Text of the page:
A 2011 study published by European Journal of Applied Physiology compared the effects of leg extensions performed unilaterally with one leg under an occlusion condition and the other leg under a normal condition.
 Five sets were performed to failure with 30 percent of the subjects’ one-repetition max. Maximal force production 48 hours post workout was significantly less in the occluded leg, DOMS was greater and increased resting tension was greater immediately post workout and 24 hours later in the occluded leg. Intracellular indicators of muscle fiber damage were greater immediately, 24 hours later and 48 hours post workout in the occluded leg. Demonstrating hypertrophic adaptations may also result from increased muscle damage. 

Further benefits:

Myostatin inhibits hypertrophy. That’s why magazines are filled with ads for “Myostantin Blockers;” not surprisingly, so far the results have, for lack of a better term, sucked!

A 2005 study performed occlusion training on rats, published in ACSM’s journal, Medicine & Science in Sports & Exercise (MSSE), showed reduced myostatin concentrations.  


A study entitled “The Effects of Low-Load Resistance Training With Vascular Occlusion on the Mechanical Properties of Muscle and Tendon” published in The Journal of Applied Biomehanics showed that induced muscle hypertrophy from light weight load occlusion training was similar to training with heavy weight; tendon stiffness that results from training heavy was absent with occlusion training, suggesting if more traditional heavy weight training is not cycled in a training regimen, muscle strength increase will accelerate past tendon strength increases. 


A 2012 meta-analysis  published in The European Journal of Applied Physiology found superior results in strength and hypertrophy in subjects that performed occlusion training to 2 to 3 times a week, contrasted to 4-5 times. 

When can I expect to see results?

The same meta-analysis showed hypertrophy in untrained subjects in as little as 3-4 weeks, compared to a traditional program that takes two months or more, typically.

Strength showed significant increases after 10 weeks, showing strength gains resulted from increases in cross sectional muscle fiber area not increased neural efficiency.

What about endurance?

A 2010 study published in The European Journal of Applied Physiologytackled this question.  A group of college ball players walked daily for two weeks at a speed of 4-6/km/h on a hill with a 5 percent grade for five sets of three minutes, with a one-minute rest interval between sets; performed twice daily.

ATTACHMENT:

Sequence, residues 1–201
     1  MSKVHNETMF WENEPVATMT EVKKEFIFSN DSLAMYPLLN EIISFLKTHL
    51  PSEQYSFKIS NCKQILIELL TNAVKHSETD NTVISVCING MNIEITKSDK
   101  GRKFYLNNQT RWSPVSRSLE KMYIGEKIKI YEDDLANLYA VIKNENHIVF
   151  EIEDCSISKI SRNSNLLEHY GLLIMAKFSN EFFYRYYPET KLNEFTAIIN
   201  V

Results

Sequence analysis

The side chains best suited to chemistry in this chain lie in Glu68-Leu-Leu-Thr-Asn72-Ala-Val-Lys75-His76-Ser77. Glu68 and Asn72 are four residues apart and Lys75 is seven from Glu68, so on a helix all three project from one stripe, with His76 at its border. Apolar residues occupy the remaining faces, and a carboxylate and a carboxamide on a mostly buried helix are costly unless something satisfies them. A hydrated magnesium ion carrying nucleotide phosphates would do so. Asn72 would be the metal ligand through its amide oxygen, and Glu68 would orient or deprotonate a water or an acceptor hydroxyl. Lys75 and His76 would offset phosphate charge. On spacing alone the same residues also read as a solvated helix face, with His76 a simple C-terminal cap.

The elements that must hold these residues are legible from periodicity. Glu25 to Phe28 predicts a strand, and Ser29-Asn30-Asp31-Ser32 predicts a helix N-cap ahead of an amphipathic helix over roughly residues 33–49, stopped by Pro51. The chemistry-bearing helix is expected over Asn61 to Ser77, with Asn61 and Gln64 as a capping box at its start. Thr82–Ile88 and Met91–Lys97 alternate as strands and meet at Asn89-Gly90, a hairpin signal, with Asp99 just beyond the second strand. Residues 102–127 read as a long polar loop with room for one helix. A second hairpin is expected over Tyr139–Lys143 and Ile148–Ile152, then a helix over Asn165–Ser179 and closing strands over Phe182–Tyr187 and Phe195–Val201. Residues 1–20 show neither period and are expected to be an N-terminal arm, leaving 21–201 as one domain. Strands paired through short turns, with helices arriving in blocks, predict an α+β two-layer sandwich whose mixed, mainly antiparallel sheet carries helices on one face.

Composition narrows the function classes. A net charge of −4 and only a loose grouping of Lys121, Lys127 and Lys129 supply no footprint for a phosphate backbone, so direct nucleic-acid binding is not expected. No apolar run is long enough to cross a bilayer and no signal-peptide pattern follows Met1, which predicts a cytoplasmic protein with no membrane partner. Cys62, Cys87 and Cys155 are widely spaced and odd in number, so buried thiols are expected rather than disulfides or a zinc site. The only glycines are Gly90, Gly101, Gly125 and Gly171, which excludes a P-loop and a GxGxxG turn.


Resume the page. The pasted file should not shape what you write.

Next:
The second group performed the same regimen under an occluded condition (a 110 mm wide occlusion devise was placed at the most proximal portion of the leg).

Two weeks later, endurance had not increased in the normal walking group but the occlusion group had significantly improved stroke volume, VO2 max and decreased their heart rates.  Occlusion training subjects increased anaerobic capacity by 2.5 percent! 

Practically Applied
·       Wrap the strap or wrap around the top of the muscle you’re working (thighs, arms, etc.)
·       Wrap it tight
·       Use 20-40 percent of your one-repetition max
·       Do not loosen the wraps between sets as it will keep the blood trapped in that particular muscle
·       Do not “occlude for more than 10 minutes”

Occlusion training is exciting! 

Benefits range from rehabtohypertrophy or for the old head bodybuilder that needs a break from heavy training.  

Science shows risks from occlusion training are no greater than traditional training.

Final Thoughts
While occlusion training does offer some of the same benefits of heavy lifting, keep in mind no one has built world-class physique with occlusion training alone.  Limit strength is your base but this is one more weapon in your hypertrophy-inducing artillery.